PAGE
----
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NFC SD crew gives up: No one wants our safe bonking tool

When it comes to secure mobe transactions, 2 options are enough

Beginner's guide to SSL certificates

The NFC SD consortium - a collaboration attempting to capitalise on the use of removable memory to secure pay-by-bonk transactions - has called it a day seeing that no one wants to secure transactions using a Secure Digital (SD) card.

The investment, which NFC Times pegs at €3m, came mostly from Giesecke & Devrient but with €900K coming from Phison Electronics. The intention was to provide secure micro SD cards for NFC payments, initially with an integrated NFC antenna, then later using the phone's antenna over the Single Wire Protocol. But the industry is moving towards embedded and SIM-based secure elements, leaving NFC company Device Fidelity holding the flag for removable memory.

The shelving of the plan, which involves bringing staff back in-house and ending the collaboration, isn't that surprising given the way that SD cards have fallen out of favour as secure elements, with embedded and SIM-based options now becoming dominant.

Pay-by-bonk requires two distinct pieces of technology: 1) a radio standard by which the bonking of a phone onto a pad can trigger a transaction (for which Near Field Communications is used), and 2) a secure element with cryptographic tokens to authenticate the user while being entirely separate from the (implicitly insecure) phone OS.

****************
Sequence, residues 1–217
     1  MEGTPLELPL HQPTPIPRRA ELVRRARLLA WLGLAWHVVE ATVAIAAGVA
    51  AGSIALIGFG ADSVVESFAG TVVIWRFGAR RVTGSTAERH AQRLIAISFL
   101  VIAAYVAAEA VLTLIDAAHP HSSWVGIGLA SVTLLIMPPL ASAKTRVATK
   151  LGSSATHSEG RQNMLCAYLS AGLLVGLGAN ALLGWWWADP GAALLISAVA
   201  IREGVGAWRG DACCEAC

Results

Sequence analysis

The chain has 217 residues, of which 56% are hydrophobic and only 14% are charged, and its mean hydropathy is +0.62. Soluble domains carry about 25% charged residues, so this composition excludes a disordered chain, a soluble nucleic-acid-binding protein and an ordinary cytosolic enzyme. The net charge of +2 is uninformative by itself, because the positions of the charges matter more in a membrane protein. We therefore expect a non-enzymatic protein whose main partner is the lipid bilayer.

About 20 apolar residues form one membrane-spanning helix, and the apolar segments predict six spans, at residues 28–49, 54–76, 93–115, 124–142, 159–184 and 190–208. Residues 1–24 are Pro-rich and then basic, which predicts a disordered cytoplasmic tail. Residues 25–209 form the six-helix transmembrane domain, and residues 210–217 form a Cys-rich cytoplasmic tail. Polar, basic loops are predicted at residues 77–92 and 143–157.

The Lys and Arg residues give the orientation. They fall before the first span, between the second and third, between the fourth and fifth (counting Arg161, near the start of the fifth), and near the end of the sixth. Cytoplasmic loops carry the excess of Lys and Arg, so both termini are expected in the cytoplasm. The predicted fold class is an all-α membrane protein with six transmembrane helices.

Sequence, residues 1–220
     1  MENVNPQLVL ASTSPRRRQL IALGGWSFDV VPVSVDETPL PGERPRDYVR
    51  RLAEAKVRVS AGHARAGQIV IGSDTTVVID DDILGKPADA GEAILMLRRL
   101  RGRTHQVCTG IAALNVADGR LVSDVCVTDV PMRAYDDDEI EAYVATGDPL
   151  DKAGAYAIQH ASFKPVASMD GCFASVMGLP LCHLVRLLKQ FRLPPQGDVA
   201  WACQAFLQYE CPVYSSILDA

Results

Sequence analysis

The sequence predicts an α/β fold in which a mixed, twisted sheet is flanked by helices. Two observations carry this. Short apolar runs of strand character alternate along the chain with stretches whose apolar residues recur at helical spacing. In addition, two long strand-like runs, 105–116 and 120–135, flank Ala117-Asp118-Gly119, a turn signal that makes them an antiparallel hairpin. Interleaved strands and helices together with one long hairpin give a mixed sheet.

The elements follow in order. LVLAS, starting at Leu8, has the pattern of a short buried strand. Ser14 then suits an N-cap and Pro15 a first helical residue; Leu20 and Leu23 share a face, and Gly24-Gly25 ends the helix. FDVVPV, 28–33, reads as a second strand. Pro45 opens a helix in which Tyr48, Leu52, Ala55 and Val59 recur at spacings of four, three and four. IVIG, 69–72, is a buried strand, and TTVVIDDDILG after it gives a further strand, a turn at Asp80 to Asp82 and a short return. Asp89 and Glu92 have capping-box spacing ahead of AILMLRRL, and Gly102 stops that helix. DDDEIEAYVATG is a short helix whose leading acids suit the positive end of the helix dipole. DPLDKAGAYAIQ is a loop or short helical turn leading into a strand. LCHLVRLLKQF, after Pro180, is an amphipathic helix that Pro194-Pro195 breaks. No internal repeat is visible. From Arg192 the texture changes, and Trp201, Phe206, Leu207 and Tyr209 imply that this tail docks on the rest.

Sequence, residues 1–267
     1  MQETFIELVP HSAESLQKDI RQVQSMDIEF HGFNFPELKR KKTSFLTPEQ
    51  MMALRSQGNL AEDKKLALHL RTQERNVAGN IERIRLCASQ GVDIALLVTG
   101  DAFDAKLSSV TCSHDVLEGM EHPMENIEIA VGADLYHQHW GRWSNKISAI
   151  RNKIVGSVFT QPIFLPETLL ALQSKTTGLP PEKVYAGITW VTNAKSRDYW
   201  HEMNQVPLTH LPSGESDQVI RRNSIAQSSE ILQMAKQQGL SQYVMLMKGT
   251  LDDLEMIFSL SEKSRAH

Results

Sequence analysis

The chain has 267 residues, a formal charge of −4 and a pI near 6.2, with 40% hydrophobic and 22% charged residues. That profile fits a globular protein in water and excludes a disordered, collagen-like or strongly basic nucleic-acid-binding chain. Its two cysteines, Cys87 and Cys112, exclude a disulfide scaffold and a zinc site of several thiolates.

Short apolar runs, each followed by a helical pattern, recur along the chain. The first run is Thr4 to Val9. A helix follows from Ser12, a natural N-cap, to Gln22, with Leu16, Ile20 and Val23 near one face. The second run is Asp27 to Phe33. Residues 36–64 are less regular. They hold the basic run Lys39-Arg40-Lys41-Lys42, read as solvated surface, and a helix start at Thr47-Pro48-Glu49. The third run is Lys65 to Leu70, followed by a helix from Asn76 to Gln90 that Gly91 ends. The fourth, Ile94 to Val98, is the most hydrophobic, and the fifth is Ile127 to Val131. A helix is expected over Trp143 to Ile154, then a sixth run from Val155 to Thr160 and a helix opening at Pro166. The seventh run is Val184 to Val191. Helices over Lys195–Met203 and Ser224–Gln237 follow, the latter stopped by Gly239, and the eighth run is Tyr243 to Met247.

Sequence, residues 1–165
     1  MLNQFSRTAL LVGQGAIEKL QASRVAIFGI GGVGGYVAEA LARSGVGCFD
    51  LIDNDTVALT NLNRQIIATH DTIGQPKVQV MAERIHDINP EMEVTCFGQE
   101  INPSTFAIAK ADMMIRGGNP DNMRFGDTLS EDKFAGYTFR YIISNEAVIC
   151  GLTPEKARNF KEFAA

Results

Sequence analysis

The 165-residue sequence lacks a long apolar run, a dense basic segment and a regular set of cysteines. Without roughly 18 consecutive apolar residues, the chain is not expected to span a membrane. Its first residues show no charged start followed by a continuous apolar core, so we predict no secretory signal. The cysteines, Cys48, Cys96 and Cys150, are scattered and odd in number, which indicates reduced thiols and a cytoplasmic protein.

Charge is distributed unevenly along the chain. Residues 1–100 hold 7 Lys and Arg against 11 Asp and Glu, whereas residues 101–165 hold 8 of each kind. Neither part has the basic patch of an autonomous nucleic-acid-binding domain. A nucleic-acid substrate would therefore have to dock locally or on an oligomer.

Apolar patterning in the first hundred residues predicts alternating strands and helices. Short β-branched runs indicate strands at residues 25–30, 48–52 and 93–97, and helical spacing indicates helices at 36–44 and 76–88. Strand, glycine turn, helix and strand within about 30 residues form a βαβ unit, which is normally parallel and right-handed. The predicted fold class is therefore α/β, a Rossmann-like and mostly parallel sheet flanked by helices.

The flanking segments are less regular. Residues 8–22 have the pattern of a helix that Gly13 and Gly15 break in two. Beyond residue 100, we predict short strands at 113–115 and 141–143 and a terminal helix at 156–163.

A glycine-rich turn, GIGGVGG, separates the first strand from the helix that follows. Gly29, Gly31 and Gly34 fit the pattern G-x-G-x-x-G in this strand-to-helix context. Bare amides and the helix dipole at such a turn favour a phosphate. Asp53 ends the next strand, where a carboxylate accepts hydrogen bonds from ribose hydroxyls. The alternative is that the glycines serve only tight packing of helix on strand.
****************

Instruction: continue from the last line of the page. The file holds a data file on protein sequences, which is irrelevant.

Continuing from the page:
Network operators want the secure element in the SIM, under their control, and have contrived the Single Wire Protocol to connect the SIM to the NFC antenna in the handset, so a customer changing handset can take their bank cards with them seamlessly. Handset manufacturers, conversely, want the secure element in the phone so customers can change network operators seamlessly.

Many banks wanted a third way - a secure element in a removable Micro SD card, with its own antenna or using the SWP, so the customer could change network operators, and handsets, while taking their banking details with them.

It’s a battle for ownership of the customer, and one which the banks have largely lost. The banks had an early lead, deploying large-scale trials only hampered by the iPhone's lack of SD card slot (there's a demographic overlap between iPhone owners and those interested in paying by bonk, enough to prompt several trials using iPhone cases with SD slots in them).

The withdrawal of Giesecke & Devrient isn't the end of the matter, SD Cards will still be pushed by some, but in most markets the question now comes down to whether the secure element should be owned by the network operator (Vodafone, O2, EE) or the platform owner (Apple, Google, BlackBerry), or an unhappy combination of the two. ®

Beginner's guide to SSL certificates

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